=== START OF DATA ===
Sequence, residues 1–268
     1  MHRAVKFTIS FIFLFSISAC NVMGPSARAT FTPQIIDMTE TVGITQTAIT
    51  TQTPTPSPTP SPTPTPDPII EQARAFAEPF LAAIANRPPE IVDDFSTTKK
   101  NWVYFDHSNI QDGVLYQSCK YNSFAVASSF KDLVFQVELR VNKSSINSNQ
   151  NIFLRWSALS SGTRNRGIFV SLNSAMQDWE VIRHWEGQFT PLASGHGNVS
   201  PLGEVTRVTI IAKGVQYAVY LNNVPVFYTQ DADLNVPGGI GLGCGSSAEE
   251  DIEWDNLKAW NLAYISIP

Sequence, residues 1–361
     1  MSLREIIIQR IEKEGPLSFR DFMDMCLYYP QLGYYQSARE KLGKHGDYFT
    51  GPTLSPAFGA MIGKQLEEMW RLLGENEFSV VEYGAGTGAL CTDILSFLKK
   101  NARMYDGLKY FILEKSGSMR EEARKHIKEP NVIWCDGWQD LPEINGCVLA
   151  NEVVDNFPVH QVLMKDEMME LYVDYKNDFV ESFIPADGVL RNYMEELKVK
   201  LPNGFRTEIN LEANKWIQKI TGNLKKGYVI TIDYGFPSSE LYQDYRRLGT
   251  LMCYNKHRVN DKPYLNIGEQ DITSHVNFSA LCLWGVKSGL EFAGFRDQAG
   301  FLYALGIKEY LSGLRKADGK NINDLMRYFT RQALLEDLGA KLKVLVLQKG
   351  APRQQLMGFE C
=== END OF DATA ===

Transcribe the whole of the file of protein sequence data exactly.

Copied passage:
Sequence, residues 1–268
     1  MHRAVKFTIS FIFLFSISAC NVMGPSARAT FTPQIIDMTE TVGITQTAIT
    51  TQTPTPSPTP SPTPTPDPII EQARAFAEPF LAAIANRPPE IVDDFSTTKK
   101  NWVYFDHSNI QDGVLYQSCK YNSFAVASSF KDLVFQVELR VNKSSINSNQ
   151  NIFLRWSALS SGTRNRGIFV SLNSAMQDWE VIRHWEGQFT PLASGHGNVS
   201  PLGEVTRVTI IAKGVQYAVY LNNVPVFYTQ DADLNVPGGI GLGCGSSAEE
   251  DIEWDNLKAW NLAYISIP

Sequence, residues 1–361
     1  MSLREIIIQR IEKEGPLSFR DFMDMCLYYP QLGYYQSARE KLGKHGDYFT
    51  GPTLSPAFGA MIGKQLEEMW RLLGENEFSV VEYGAGTGAL CTDILSFLKK
   101  NARMYDGLKY FILEKSGSMR EEARKHIKEP NVIWCDGWQD LPEINGCVLA
   151  NEVVDNFPVH QVLMKDEMME LYVDYKNDFV ESFIPADGVL RNYMEELKVK
   201  LPNGFRTEIN LEANKWIQKI TGNLKKGYVI TIDYGFPSSE LYQDYRRLGT
   251  LMCYNKHRVN DKPYLNIGEQ DITSHVNFSA LCLWGVKSGL EFAGFRDQAG
   301  FLYALGIKEY LSGLRKADGK NINDLMRYFT RQALLEDLGA KLKVLVLQKG
   351  APRQQLMGFE C